Recognizing how common the practice is can help, as can knowing what signs to look for:
- Staying away from family, friends, social events, and other activities
- A sudden change in hobbies or who one spends time with
- Secrecy about how one spends time
- Neglecting physical care, such as showering or eating
- Having difficulties in work, school, or other areas
- New or unusual financial problems because of the cost of alcohol and drugs
- Changes in weight or appetite (increase or decrease)
- Mood swings, especially sudden fits of anger
- Insomnia and other sleep problems
Self-medicating may seem beneficial initially, but it can quickly cause the problems a person is experiencing to increase in dangerous and unhealthy ways.
Risks of Self-Medication
In the beginning, someone using drugs or alcohol to manage mental health disorder symptoms may find temporary help. However, over time, issues and dangers can develop. These problems can range from an incorrect self-diagnosis to a failure to recognize the potential risks of taking certain drugs. There can also be a range of rare but severe adverse side effects or interactions with other medications that can result in serious health problems. The risk of dependence and abuse is also a real concern.
Care for Mental Health and Substance Abuse
The 2018 National Survey on Drug Use and Health found that more than 9 million adults in America have a co-occurring disorder or dual diagnosis. This is a condition where the individual has both a substance abuse disorder and a mental health condition.
Today, the recommended treatment for a dual diagnosis is an integrated approach that aims to address both conditions. The process starts with detox, where the person stops using drugs or alcohol so that the body may clear all the substances from their body. Depending on the substance issue, this can be done at home with the input of a health care professional or within a facility under the care of medical supervision.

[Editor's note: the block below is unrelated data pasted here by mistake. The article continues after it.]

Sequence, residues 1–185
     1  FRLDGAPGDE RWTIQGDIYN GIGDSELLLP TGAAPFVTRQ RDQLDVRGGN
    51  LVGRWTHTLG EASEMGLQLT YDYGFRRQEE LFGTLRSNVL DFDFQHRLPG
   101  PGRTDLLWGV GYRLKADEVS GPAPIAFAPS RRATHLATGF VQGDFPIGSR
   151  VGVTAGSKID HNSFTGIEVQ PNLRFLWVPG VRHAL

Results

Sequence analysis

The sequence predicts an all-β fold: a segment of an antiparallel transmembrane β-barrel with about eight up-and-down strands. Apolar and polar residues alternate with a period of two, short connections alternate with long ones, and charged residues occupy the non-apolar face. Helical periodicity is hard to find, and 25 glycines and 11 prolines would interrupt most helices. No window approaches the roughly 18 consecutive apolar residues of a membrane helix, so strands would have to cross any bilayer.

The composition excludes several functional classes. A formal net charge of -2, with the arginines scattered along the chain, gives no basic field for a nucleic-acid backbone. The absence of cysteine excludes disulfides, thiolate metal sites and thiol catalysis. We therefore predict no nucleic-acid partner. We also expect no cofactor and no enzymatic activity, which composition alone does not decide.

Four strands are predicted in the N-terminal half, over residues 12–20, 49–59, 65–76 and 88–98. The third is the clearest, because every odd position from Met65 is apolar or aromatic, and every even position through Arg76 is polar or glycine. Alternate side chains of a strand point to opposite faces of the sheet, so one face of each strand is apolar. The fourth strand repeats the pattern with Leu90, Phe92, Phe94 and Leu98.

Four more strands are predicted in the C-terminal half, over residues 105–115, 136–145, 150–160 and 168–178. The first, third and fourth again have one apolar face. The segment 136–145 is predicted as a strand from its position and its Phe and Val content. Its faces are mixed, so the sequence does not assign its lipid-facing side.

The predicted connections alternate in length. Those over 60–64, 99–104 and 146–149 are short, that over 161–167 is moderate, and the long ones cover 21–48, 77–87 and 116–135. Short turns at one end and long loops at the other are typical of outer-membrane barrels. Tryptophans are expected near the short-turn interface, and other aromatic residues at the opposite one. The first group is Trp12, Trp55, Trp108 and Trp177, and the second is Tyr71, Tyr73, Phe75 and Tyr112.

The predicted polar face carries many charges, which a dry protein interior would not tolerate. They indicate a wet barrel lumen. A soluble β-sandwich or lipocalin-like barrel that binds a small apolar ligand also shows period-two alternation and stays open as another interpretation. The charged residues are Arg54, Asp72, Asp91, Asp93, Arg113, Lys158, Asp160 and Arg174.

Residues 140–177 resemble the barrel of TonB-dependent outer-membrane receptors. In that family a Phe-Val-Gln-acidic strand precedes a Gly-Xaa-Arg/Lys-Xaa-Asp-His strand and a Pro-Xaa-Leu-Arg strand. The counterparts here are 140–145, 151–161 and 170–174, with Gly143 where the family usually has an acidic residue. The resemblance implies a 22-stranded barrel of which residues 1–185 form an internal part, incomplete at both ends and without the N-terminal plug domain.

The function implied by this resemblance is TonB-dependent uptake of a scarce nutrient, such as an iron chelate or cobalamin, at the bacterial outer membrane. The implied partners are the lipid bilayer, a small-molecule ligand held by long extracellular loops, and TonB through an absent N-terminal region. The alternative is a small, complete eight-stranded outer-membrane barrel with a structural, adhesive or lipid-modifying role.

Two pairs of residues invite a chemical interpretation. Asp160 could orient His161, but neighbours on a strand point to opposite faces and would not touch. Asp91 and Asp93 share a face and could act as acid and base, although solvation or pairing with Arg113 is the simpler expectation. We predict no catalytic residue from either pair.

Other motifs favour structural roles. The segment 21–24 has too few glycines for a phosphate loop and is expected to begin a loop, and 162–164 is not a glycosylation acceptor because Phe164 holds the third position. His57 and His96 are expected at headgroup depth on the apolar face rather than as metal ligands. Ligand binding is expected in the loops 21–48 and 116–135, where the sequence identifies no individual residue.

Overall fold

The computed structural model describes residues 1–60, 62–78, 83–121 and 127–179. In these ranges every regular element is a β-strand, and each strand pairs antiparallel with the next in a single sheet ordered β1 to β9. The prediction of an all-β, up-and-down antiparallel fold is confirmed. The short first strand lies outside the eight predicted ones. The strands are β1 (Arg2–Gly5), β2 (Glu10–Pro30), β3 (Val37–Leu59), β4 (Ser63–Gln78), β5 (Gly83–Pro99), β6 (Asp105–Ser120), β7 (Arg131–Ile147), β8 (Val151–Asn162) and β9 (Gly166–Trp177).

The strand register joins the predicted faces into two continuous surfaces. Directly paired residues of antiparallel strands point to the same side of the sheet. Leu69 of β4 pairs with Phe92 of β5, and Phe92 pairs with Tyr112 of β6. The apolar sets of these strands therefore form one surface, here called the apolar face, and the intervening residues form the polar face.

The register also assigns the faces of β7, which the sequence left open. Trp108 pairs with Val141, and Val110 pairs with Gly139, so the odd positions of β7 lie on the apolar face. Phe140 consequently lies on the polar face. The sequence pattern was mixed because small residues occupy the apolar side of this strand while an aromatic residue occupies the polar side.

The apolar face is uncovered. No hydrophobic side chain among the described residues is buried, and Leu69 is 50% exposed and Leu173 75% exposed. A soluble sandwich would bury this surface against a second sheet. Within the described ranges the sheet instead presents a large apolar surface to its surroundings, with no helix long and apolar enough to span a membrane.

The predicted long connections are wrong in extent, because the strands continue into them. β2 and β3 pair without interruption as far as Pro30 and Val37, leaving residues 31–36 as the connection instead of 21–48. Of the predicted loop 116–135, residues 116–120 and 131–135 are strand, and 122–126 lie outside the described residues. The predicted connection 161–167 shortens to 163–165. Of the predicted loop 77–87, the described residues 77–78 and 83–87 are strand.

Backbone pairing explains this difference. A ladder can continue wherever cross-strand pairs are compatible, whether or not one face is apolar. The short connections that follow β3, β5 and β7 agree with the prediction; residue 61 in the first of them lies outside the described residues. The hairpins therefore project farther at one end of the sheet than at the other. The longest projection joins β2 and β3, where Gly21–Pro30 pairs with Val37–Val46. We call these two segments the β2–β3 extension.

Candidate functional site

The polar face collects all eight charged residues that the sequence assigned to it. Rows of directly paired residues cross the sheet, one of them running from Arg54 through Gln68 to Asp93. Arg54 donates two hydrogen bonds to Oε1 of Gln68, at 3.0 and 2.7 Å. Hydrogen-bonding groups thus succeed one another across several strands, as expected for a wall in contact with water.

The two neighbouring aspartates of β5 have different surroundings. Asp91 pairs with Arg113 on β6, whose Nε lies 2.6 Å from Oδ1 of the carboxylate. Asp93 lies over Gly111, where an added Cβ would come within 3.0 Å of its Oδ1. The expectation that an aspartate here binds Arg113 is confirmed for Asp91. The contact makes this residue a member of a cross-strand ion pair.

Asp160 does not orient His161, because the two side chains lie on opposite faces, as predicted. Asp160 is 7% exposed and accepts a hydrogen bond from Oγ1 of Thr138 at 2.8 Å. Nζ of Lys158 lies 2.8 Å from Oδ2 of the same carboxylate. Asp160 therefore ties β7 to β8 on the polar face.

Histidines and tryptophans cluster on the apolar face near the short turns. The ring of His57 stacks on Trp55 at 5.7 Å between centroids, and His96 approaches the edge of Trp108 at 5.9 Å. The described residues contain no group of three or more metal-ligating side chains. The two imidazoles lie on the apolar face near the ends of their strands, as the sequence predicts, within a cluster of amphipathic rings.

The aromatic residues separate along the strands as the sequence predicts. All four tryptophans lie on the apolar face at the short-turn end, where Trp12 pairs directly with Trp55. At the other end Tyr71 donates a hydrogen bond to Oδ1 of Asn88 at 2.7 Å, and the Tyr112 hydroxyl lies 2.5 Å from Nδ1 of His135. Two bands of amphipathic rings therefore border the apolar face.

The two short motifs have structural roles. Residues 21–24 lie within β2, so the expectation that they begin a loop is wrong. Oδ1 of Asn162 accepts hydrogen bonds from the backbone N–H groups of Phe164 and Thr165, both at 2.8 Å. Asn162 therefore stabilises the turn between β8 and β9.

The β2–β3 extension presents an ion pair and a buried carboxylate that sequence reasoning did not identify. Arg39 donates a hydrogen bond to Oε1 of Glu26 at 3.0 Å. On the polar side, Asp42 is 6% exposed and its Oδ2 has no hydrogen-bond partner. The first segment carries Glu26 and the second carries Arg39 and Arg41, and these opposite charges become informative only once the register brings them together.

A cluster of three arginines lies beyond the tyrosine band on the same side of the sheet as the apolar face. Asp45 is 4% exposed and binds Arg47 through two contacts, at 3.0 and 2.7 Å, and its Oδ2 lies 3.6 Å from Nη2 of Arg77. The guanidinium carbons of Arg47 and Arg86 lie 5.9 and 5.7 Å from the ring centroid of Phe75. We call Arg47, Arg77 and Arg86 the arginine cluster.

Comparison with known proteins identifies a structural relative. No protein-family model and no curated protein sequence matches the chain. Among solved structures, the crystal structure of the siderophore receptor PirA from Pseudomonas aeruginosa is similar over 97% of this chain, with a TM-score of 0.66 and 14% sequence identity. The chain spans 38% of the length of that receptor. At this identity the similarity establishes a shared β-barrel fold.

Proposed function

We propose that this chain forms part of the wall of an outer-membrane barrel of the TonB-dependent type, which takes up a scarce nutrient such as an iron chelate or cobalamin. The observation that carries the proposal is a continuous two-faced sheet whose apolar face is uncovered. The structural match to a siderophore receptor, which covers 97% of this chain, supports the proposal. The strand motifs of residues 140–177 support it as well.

The next step is a form of rehab, either inpatient or outpatient. This allows the individual to learn new methods to manage their conditions and discover a community of peers for support. Therapy and medications are typically a part of this process. Known as medically assisted treatment or MAT, pairing behavioral therapy and medications to manage cravings and side effects can help an individual break old habits and practice new coping techniques.
Finally, the individual can engage with ongoing support through self-help and support groups after completing the more formal rehab process. These offer understanding and guidance from peers to keep a person on their path to recovery.
A licensed mental health and substance abuse intensive outpatient program (IOP) in Scottsdale, Arizona, Rising Phoenix was created to offer a safe, welcoming, and nurturing environment where clients are not judged but embraced, throughout their recovery process.